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Visit iHeartRadio and Southwest Airlines. Our next story comes from a listener named Jamie Scott. Jamie used to be a Boy Scout troop leader. And this story is about an infamous snipe hunt in Georgia.
Take it away, Jamie. I used to be in the Navy. I retired from the Navy in 1996. And I lived in various places up and down the East Coast.
But one of my favorite places I lived was a place called Folkston, Georgia. While I was there, I decided I wanted to get involved in scouting again. I had been an Eagle Scout and I wanted to stay involved in scouting.
So now that I was on shore duty, I thought it would be a great opportunity. I had a lot of boys in my troop. I had Hispanic boys, black boys, white boys. But they were all just boys.
Boys, boys, boys just out to have fun. A couple of them have dads. Most of them didn't. A couple of them had a few dollars to their name.
Most of them didn't. But anyway, I took these boys to summer camp at Camp Tolachee. The boys I took out on the troop, they really wanted to get involved. They wanted to do scouting. They wanted to learn. They wanted to shoot rifles. And they wanted to pull archery. And they wanted to canoe in a canoe and all these different things.
So we were having a wonderful time. But one of the greatest parts of scouting, one of the greatest parts of growing up as a boy in the South, at least at the time that I was a kid and the time that I was a scout leader, was the snipe hunt. Oh, the snipe hunt. The snipe hunt was awesome.
These kids got excited. They were going to go out and capture the elusive snipe. But the thing is, in order to catch a snipe, you have to go out in the night, in the dark, in the woods alone. And you have to sit out there all by yourself alone hoping to catch a snipe. Now, how you say, how would I get a boy to sit out there in the woods alone to catch a snipe?
Ah, boys are not only adventurous, they're greedy. So what we would do is we would tell the boys that the snipes were these small ground running birds, and we would even show them a picture in the Boy Scout handbook of the American snipe. It's a bird that exists in the desert, but we would say that this bird also exists in the marshes of the swamps of Georgia and that this bird came in multiple colors depending upon what it was eating. You know, how a flamingo has a pink color because of the shrimp that it eats. Same thing with the snipes. Their feathers would be certain colors depending upon what they were eating at the time. Some like to eat certain things.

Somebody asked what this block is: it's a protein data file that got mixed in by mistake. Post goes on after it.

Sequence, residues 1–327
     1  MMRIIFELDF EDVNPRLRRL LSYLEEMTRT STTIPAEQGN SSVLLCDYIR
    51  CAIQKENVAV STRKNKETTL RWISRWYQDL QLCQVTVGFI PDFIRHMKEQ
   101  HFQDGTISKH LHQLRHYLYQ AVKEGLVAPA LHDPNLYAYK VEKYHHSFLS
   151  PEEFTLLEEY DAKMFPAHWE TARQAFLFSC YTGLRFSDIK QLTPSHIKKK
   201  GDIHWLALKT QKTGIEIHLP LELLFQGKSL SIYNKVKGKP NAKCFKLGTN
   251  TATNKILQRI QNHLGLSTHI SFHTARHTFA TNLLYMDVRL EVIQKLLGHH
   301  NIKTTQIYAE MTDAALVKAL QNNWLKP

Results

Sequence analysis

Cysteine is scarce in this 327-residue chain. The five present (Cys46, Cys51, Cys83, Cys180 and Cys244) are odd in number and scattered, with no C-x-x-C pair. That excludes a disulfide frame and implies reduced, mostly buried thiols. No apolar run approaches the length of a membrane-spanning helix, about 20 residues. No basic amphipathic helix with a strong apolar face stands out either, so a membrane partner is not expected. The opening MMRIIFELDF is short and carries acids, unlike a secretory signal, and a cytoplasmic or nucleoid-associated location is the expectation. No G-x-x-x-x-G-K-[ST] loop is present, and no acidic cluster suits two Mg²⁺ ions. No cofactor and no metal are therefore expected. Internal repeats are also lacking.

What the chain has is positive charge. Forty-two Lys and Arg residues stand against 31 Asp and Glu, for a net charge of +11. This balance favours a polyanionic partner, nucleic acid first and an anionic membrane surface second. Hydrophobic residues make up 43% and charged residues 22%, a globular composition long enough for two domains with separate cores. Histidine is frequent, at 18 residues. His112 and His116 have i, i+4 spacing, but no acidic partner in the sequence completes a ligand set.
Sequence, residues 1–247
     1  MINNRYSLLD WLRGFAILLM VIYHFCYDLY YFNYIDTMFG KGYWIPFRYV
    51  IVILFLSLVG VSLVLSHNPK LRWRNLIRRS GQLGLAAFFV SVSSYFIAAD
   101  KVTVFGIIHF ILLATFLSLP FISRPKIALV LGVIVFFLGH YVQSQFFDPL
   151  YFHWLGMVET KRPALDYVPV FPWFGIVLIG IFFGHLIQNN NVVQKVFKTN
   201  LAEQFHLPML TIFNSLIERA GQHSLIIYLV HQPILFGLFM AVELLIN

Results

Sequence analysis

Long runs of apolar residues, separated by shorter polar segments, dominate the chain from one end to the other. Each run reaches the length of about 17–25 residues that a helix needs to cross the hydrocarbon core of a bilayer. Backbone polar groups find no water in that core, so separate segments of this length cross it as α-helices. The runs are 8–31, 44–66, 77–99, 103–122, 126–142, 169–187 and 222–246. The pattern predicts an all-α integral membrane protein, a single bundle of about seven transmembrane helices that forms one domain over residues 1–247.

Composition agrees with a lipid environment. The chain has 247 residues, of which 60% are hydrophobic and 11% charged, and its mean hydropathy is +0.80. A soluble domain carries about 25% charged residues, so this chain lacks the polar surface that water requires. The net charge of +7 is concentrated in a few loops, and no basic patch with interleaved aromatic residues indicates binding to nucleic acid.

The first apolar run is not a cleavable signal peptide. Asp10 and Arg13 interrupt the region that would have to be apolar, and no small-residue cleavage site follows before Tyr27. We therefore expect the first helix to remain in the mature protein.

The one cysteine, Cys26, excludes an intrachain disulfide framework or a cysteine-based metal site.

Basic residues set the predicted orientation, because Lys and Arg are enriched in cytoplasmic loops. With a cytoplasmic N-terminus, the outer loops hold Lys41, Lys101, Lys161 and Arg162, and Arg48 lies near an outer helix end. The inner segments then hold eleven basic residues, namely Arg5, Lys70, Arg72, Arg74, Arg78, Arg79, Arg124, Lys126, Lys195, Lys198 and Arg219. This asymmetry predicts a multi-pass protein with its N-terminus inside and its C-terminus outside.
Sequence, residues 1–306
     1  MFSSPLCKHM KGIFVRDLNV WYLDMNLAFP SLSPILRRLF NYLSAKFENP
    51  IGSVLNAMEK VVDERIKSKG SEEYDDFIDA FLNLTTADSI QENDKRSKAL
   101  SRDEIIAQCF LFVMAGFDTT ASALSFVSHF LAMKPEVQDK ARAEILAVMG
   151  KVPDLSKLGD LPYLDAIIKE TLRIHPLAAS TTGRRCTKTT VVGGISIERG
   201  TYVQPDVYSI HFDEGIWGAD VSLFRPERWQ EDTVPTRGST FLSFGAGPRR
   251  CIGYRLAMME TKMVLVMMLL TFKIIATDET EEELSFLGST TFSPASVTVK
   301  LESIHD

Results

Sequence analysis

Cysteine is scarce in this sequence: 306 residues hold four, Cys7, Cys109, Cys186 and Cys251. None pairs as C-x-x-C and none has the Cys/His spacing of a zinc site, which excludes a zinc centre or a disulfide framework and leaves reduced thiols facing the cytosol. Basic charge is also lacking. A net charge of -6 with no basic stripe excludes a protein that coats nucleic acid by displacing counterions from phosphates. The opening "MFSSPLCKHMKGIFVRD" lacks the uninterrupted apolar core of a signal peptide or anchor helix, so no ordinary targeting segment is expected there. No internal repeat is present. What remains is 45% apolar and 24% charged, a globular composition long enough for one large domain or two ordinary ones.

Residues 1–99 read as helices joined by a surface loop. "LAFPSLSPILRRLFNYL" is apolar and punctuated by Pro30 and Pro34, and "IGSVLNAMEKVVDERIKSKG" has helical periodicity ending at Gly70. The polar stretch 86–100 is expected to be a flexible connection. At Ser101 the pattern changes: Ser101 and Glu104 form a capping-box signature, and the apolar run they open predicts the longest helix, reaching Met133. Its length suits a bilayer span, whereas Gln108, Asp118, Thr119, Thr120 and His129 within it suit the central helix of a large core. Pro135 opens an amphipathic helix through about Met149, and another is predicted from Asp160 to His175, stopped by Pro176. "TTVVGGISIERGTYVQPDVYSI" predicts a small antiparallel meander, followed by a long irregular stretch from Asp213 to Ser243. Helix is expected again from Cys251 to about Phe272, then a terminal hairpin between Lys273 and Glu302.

Some like to eat other things that would cause their feathers to change. But you never knew what you were going to run into. So we got these boys and we brought in one of the members of the Order of the Arrow. He was a camp counselor. His name was Indy. That wasn't his real name. I honestly don't know his real name, but he went by the name Indy because Indiana Jones was the big movie at that time, and he had an Indiana Jones hat.
And all the boys in the camp called him Indy. But Indy was in on our little snipe hunting escapade, and he was telling us how the Order of the Arrow liked to make Indian headdresses, and they needed different color feathers in order to make the headdresses. And so what they would do is they would pay for feathers that could be purchased from the boys who were doing the snipe hunts. If they caught a red snipe, well, the red feathers, they were worth about $5 for every 50 feathers. But if they caught a yellow snipe, well, they were worth about $10 for every 50 feathers. But the real elusive prize was the purple snipe, and they were paying $100 for 50 feathers because they were so rare, and everybody wanted the purple snipe feathers. Though the purple ones we wanted to catch were the most elusive and the most expensive, they were also the most dangerous because they could actually bite you, and they had been known to be rabies. Well, we figured that if a kid got bit out in the woods by a snake, because there were poisonous snakes in the area, that at least they would react properly, so we taught them what to do in case you were bitten by the rabid purple snipe.
I know, I think we were crazy, but we just had so much fun with these kids, and they bought it hook, line, and sinker. Well, three particular boys were going to be hunting at this time. There was a boy named John Roy, who was my senior patrol leader, and he had already been through snipe hunts before with his dad, but there were three younger boys, Robert, Greg, and Curtis, and they had never been snipe hunting before. They were all excited about going snipe hunting, and so we told them that we were going to hunt these snipes in these different colors, and Robert, bless his heart, he just told me about the fact that his father hunted snipes all the time, and had caught a whole bunch of them, and that they even had a picture album at home of all the pictures of the snipes that his dad had caught, and he figured if his dad could catch a whole bunch of them, he could catch two.